We can escape the costs of unfettered growth in social-insurance programs in the short term by tolerating large and growing deficits while keeping our fingers crossed about the consequences. But a day of reckoning may not be far off. Anrig calls fiscal responsibility “a side dish,” not the “main course.” He states: “[A]ccounting prudence is not a cause that in its own right can directly improve the lives of Americans in lasting, concrete ways that generate political excitement and attachments.” Ross Perot and the Tea Party might suggest otherwise. But more importantly, deficits do affect the lives of Americans. Deficits are not bad in and of themselves. They are bad because they adversely affect productivity and living standards, make us dangerously dependent on unfriendly nations, create a serious risk of an economic crisis, and limit what government can do in response to a crisis–whether a financial meltdown, a pandemic flu, or a natural disaster. And though it’s a less tangible cost, I believe that, to many people, deficits are a symptom of a government that no longer works. When government is discredited, only conservatives benefit.
This has been a very useful dialogue, and I have learned a lot in the process. Hopefully, our debate will help other progressives think a bit more clearly about where they stand and catalyze a broader debate beyond these pages.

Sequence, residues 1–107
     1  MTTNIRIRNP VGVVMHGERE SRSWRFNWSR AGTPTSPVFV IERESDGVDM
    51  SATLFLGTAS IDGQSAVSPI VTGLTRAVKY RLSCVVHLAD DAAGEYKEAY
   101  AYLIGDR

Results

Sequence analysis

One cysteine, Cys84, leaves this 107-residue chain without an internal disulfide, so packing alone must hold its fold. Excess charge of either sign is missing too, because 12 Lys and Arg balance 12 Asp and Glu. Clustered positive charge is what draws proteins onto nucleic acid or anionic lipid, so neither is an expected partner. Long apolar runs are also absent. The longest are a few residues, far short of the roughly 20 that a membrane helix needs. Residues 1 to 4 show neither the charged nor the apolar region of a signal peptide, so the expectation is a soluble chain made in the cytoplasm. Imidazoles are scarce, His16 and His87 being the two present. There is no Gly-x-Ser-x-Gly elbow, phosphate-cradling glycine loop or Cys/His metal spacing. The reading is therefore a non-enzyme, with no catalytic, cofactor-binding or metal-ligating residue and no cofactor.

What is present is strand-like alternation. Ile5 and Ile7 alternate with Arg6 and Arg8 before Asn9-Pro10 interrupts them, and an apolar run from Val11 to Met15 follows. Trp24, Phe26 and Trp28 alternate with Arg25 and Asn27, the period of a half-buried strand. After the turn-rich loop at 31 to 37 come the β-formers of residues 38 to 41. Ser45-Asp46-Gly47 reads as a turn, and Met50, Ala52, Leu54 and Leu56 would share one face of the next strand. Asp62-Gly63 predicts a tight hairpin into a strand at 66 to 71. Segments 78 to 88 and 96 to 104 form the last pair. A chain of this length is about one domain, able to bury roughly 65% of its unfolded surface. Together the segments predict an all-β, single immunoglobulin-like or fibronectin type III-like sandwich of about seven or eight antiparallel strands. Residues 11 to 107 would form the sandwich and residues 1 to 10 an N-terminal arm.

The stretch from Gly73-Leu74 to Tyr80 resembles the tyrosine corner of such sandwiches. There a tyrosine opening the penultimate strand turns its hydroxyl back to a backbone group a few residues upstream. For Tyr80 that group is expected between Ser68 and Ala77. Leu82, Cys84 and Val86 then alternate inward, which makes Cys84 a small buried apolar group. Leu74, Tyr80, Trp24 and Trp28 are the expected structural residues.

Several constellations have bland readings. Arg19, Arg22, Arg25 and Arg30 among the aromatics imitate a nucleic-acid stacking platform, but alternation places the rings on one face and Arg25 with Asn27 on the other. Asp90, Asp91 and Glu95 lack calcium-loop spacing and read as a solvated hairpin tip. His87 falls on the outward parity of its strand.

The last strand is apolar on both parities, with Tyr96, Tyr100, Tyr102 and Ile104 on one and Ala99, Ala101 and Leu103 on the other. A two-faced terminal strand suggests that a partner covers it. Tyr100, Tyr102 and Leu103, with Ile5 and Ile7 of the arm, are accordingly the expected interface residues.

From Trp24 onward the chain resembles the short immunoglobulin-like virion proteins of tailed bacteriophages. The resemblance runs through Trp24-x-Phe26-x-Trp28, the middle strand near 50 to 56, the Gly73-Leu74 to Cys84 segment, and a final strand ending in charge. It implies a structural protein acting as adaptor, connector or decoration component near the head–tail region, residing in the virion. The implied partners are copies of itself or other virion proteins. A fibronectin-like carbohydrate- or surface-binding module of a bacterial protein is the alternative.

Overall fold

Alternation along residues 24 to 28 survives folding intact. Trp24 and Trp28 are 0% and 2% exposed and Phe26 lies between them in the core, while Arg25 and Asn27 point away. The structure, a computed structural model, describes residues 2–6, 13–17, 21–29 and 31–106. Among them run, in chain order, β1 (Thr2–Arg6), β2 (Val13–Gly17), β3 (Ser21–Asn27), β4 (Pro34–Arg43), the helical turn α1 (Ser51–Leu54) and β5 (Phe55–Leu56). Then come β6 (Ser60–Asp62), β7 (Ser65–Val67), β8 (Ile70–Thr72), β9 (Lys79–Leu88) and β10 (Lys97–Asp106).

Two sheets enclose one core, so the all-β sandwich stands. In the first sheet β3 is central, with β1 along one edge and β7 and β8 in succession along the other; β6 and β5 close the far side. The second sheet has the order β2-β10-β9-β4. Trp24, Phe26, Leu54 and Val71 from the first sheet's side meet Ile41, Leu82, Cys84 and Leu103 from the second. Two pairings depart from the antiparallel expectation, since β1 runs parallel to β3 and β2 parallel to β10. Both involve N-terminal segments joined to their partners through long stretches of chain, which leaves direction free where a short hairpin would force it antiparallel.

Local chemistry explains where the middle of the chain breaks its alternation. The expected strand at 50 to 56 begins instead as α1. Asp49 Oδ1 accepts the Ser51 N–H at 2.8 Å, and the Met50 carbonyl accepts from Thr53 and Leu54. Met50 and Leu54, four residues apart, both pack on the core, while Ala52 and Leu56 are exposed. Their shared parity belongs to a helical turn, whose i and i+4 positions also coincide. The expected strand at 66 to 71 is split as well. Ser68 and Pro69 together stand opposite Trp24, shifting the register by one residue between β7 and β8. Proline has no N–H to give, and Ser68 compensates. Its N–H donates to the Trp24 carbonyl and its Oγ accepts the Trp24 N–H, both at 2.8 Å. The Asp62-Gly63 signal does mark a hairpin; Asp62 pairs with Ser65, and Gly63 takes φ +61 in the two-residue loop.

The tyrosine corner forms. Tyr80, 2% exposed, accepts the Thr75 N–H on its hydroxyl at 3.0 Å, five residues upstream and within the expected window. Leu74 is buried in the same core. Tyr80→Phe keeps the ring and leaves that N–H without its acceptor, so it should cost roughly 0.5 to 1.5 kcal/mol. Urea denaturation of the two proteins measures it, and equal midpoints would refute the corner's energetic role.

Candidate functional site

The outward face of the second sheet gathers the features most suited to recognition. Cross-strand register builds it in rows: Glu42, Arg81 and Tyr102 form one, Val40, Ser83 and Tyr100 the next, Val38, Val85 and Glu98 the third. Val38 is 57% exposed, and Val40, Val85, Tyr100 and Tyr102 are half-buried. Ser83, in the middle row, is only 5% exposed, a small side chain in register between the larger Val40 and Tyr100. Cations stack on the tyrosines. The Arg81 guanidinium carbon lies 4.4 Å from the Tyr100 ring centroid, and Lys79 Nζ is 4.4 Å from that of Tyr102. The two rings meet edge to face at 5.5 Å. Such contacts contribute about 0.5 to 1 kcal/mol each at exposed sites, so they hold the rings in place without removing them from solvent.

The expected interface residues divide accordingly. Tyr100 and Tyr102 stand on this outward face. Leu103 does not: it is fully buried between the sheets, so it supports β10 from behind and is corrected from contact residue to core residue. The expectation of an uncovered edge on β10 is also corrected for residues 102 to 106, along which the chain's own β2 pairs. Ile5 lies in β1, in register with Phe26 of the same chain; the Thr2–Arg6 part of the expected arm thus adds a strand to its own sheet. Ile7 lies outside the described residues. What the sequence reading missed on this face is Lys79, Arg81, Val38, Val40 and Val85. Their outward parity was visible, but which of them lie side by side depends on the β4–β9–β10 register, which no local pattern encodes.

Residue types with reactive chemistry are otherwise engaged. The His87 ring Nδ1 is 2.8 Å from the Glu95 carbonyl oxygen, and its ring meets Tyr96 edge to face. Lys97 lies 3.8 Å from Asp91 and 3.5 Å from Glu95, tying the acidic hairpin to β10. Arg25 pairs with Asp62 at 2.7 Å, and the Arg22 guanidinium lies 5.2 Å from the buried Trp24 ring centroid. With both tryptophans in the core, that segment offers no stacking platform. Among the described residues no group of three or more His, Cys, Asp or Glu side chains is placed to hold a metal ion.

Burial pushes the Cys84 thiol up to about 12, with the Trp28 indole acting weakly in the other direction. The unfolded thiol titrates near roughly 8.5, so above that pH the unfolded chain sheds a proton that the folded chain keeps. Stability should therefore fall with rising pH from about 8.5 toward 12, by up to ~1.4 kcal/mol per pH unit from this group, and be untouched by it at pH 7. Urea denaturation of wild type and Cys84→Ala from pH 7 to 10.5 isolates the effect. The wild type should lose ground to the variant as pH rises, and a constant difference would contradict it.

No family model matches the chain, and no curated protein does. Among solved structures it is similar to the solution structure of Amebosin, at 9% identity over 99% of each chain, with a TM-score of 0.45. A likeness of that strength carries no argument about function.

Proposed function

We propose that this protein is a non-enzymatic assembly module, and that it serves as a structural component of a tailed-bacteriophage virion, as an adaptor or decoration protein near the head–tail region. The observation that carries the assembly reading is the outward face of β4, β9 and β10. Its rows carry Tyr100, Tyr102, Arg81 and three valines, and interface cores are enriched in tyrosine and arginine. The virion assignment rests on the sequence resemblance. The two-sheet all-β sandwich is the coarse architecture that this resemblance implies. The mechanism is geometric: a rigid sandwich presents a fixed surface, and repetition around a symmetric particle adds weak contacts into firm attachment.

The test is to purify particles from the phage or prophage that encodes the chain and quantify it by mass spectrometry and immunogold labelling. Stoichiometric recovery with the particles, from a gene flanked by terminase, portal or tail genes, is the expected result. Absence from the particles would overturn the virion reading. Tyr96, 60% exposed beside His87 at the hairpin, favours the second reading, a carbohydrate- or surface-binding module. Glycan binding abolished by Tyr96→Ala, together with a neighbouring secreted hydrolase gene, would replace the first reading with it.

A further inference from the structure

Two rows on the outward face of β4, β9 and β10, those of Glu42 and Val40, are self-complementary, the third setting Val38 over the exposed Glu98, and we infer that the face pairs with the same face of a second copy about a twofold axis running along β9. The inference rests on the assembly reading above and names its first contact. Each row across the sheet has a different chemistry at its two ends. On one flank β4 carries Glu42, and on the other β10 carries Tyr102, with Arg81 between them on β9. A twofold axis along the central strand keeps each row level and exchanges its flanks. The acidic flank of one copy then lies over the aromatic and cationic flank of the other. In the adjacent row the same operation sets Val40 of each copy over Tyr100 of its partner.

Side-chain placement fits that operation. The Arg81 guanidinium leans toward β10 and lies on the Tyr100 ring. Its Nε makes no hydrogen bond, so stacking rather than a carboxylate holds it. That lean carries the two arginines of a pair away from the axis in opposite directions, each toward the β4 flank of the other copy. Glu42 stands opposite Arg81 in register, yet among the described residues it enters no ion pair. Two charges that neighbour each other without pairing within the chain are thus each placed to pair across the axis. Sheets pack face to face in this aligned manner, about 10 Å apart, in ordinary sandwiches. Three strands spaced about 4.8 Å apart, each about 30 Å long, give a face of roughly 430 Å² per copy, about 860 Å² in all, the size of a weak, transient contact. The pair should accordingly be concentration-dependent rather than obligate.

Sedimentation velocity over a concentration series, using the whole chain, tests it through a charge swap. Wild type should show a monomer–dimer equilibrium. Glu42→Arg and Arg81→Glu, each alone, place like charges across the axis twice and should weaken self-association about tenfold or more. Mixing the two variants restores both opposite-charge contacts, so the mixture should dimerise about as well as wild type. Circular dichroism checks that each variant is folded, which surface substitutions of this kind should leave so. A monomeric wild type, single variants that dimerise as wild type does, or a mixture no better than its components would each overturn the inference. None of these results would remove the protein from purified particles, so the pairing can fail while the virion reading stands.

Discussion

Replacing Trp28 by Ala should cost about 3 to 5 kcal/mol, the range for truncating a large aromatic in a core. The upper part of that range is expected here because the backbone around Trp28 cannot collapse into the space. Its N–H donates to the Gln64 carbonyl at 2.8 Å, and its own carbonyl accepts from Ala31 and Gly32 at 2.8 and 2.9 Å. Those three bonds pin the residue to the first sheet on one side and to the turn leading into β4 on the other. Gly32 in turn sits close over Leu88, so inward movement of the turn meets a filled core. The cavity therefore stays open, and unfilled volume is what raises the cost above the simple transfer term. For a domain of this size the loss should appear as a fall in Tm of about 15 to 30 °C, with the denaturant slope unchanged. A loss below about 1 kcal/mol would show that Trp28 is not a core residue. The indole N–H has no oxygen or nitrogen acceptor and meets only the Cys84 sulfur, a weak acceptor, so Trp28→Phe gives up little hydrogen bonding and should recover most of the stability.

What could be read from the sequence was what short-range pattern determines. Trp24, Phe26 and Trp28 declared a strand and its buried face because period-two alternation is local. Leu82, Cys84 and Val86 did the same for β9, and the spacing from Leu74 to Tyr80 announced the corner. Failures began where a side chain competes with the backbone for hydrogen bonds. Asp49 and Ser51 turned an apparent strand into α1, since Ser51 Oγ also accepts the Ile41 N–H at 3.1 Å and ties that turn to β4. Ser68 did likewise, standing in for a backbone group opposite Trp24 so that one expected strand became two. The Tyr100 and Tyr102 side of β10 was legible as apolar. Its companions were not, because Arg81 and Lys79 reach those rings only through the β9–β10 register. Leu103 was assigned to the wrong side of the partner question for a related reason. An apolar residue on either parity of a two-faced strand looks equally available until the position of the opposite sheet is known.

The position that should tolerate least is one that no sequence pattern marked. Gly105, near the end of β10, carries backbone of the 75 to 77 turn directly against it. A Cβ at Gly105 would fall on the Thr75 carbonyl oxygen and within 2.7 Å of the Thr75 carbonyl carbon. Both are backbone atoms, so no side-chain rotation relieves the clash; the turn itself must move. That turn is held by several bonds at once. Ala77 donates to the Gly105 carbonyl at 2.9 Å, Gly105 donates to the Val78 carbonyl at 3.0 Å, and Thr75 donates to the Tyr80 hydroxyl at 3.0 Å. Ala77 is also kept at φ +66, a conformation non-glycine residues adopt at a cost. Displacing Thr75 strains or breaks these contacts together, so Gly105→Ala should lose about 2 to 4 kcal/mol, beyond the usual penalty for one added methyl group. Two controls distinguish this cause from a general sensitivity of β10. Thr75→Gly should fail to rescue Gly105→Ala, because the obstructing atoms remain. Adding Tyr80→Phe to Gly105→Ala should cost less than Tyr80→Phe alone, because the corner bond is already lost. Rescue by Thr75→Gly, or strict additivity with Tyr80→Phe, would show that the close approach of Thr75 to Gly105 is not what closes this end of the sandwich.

Anrig responds: Isabel Sawhill nicely encapsulates our central differences when she writes that the costs of preserving and strengthening Social Security and Medicare are “first, a loss of confidence in government’s ability to manage its fiscal affairs; second, a crowding out of most other spending…and third, punishing and politically unpopular tax increases for working-age Americans.”
On the first point, polling data have consistently shown strong public support for Social Security and Medicare, and deep opposition to most forms of proposed benefit reductions like raising the retirement age. That’s true in red, blue, and purple states, across income levels and age groups, and even among anti-government Tea Party supporters. In contrast, public concerns about deficits ebb and flow, largely depending on economic conditions rather than the actual balance between government outlays and revenues at any point in time. Ronald Reagan crushed Walter Mondale in 1984 notwithstanding the large deficits Reagan created, mainly because the economy had significantly improved. Democrats didn’t benefit in 2000 from transforming deficits into surpluses during the previous decade.